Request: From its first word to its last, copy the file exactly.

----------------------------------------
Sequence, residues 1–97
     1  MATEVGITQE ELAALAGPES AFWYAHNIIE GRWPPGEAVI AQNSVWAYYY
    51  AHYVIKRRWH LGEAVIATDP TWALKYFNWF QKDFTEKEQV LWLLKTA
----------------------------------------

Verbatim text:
Sequence, residues 1–97
     1  MATEVGITQE ELAALAGPES AFWYAHNIIE GRWPPGEAVI AQNSVWAYYY
    51  AHYVIKRRWH LGEAVIATDP TWALKYFNWF QKDFTEKEQV LWLLKTA